A Conversation with Robyn Hitchcock (continued)
PM: And I think Spooked is a fantastic record.
RH: Thank you, indeed.
PM: Having made as many records as you have, how do you feel about it, and what's its place, as it were, in the overall discography?
RH: Well, it's very difficult to assess something that's just come out, because you don't have the perspective on it when you've been producing things over a long period of time. You always love your new baby, but you really don't know where it's going to be at, how many stars it will merit in fifteen to twenty years time, which I think is the important thing. I really enjoyed making it, and I'm very pleased with the cover art. I don't think you even have it with the cover art.
PM: Well, I've seen the cover art on a computer screen. I couldn't get the album in Shanghai fast enough, so my partners uploaded it for me, and sent it to me cut by cut. So I've seen versions of the art and it's beautiful. Who did it?
RH: Me. I did the painting.
PM: It's great, love it.
RH: Thank you so much. My partner, Michele, took both of the photographs and we stuck it together in a way that we thought would look good. But it's coming out in a few days, actually, and I believe there will be some in your--how far away are you, 3,000 miles?
PM: Well, in my neighborhood, what there may be, sadly, are instant copies thereof. No one much sells records here, per se. They appear in a different market, and they're copied here and sold for a dollar on the corner, mostly.
RH: Well, I mean, if they do that to mine, I would be greatly flattered, because that means one must have some kind of profile and I certainly don't have much of a profile in Shanghai. So if you find a cheap Chinese bootleg--
PM: I'll let you know.
RH: Send one to Angie at YepRoc.
PM: Yeah. I'll ring you up and say it's here.
PM: "You've arrived; you're copied in China."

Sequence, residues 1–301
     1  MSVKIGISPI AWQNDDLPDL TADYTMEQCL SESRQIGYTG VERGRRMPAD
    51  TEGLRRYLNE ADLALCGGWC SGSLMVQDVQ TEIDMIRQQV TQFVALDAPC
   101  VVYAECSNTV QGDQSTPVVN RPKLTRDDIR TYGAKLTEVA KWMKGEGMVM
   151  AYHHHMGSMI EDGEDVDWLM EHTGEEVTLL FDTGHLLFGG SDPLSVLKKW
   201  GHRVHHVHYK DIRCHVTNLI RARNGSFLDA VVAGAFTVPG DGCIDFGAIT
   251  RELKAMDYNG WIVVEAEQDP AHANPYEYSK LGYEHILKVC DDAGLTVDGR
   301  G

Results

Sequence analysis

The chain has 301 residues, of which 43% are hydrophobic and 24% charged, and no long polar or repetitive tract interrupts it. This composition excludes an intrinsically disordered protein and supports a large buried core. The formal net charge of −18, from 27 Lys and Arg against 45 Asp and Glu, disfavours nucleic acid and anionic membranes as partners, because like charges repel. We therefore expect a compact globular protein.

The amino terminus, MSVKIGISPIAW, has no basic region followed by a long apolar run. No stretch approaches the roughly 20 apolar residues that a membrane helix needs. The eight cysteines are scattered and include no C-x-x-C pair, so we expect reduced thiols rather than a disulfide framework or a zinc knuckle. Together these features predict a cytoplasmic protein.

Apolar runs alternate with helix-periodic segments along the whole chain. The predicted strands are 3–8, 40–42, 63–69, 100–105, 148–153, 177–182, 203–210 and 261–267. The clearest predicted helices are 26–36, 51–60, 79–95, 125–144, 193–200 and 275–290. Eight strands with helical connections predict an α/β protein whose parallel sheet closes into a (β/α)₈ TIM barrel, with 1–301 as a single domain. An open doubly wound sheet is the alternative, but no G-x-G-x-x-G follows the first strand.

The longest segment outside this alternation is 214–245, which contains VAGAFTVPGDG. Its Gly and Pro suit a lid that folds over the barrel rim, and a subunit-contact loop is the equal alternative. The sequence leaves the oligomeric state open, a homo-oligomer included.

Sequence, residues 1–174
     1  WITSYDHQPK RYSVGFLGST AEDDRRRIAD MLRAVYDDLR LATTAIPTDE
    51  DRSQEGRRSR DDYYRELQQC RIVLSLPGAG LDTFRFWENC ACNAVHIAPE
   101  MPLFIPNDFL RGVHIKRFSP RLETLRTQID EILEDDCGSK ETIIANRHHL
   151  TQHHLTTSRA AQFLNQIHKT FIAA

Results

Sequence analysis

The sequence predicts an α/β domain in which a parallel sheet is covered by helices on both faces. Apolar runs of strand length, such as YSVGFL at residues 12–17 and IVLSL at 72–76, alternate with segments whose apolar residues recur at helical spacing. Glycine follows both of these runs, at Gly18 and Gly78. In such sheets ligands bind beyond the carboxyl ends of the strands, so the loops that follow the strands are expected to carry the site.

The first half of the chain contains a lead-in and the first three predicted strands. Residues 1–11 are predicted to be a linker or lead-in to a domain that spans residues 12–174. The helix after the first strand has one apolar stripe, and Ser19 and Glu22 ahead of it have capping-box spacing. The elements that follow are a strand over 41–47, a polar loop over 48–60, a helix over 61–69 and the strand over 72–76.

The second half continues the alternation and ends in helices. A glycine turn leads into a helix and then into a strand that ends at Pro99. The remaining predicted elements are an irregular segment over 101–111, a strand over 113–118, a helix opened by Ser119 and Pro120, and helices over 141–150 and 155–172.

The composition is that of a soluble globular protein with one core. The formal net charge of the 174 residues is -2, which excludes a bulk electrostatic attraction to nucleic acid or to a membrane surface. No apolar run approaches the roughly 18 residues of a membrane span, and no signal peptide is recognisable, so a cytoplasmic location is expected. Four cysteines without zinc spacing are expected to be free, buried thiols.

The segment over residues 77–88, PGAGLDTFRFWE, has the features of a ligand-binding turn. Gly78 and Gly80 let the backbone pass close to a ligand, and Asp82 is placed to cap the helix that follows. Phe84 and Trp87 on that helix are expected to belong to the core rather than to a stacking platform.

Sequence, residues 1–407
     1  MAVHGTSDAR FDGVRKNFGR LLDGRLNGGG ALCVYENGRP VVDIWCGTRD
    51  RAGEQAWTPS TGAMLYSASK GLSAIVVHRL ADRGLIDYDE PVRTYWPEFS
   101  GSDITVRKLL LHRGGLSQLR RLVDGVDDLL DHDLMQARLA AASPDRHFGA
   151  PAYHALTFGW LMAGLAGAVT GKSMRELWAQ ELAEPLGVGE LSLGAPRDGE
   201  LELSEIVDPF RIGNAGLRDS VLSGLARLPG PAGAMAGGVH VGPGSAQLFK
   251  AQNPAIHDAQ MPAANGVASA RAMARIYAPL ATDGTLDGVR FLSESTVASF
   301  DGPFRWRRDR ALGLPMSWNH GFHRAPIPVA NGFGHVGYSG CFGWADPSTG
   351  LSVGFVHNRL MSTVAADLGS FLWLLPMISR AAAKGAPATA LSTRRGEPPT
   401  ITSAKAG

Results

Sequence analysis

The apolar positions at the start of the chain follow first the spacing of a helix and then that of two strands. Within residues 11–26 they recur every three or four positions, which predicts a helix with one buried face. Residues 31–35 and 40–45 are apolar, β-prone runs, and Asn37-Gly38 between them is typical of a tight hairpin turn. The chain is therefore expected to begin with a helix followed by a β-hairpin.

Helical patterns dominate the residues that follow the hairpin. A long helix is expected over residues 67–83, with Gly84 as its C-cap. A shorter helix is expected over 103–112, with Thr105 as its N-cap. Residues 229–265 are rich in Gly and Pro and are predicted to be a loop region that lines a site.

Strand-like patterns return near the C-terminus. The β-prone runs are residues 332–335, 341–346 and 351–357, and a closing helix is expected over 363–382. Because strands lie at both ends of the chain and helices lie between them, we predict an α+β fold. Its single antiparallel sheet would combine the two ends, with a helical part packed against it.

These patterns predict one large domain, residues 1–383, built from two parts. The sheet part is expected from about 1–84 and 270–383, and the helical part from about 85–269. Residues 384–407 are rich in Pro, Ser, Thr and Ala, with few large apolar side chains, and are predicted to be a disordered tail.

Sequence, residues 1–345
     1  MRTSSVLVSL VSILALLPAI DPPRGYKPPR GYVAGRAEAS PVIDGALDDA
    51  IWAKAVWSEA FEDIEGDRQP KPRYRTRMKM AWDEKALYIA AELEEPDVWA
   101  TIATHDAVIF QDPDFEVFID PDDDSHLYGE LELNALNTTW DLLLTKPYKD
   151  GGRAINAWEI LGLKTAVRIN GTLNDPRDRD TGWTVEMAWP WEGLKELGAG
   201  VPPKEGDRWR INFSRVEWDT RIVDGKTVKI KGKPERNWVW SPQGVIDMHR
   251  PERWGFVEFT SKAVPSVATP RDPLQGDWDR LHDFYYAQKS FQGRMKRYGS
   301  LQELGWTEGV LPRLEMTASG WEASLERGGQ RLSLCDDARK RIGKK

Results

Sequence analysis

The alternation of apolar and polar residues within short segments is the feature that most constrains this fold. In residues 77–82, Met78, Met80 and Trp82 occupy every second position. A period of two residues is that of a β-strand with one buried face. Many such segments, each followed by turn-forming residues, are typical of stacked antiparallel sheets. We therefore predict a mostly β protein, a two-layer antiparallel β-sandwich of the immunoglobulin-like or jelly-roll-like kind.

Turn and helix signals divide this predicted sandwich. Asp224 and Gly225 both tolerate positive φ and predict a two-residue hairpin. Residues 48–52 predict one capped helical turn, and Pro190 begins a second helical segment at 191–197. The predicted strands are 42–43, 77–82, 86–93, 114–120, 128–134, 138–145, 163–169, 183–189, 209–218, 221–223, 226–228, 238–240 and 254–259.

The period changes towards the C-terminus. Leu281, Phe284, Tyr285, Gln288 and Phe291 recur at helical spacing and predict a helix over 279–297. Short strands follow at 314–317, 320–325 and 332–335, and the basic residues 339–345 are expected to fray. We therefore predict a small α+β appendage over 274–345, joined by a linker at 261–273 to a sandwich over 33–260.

RH: Yeah, yeah. Well, that's great. I'm sure R.E.M. are copied in China.
PM: Oh, rest assured.
What is this record saying, though, about where you're at currently that's perhaps different from the last one or the ones before?
RH: Well, in terms of music, it's playing with Gillian and Dave that sets it apart from my other records, first of all. We've listened to each other's records over the years, and have both tapped into a lot of the same scene. We have a lot of the same records in our collection. I mean, they're more ostensibly country. They've got all the old records by the brothers--the Stanley Brothers or the Louvin Brothers, the Mackerel Brothers, and that sort of tapering off into Appalachian infinity. But they were also sort of Hendrix fans, and we're all big Velvet Underground fans, Dylan freaks particularly.
PM: Yeah. And that's where you really hit a deep common ground.
RH: Well, we did. We recorded about seven Basement Tapes songs on the first day we got in to Woodland Studios.
PM: Could you tell me what other ones you guys laid down?
RH: We did "Mighty Quinn" and "Lo and Behold," which went into "Life During Wartime" by Talking Heads.
RH: We did "Tears of Rage," a very good version of that--
PM: A fantastic song. Good stuff.
RH: --with Dave playing his unique adaptation of Robbie Robertson's guitar playing.
PM: Did you sing that one, "Tears of Rage"?
RH: Yeah, I sang it and Gillian harmonized. We all sang on the chorus. What did we do? We did "Please, Mrs. Henry." I think we did that live. And we did "4th Time Around", I believe. And we obviously did the one we kept, which is "Tryin' to Get to Heaven."
PM: Oh, that was from that first session?
RH: Well, most of the stuff was done in the first whatever it was, five days, six days we were in Nashville.
PM: At Woodland. [Woodland Studios is a great recording studio on Nashville's East Side that the IRS shut down a few years ago, and Gillian and David bought it a while back, so I'm told.]
RH: Woodland, yeah. They just invited me down for a weekend to cut some sides, but the whole--the animals ran out of the box really fast, and the beasts were hollering. Hollering in a quiet way. We didn't--they didn't drink, so I was abstemious likewise, uncharacteristically.
PM: I didn't know that--I don't drink either. They don't drink?
RH: No, no, no. They went crazy in the summer when they came into Britain and they brought a cigar around to the house. I think Dave had a glass of wine. But they're very temperate people. When they stop playing music, they just play a bit more. I mean, other musicians go to the pub, or they start drinking while they're playing. I never drink in the studio, but I'm very fond of having the guitar at parties. And as you know, I consider the television to be an insidious drug, so I suppose I prefer sitting around with alcohol than sitting around with a TV. continue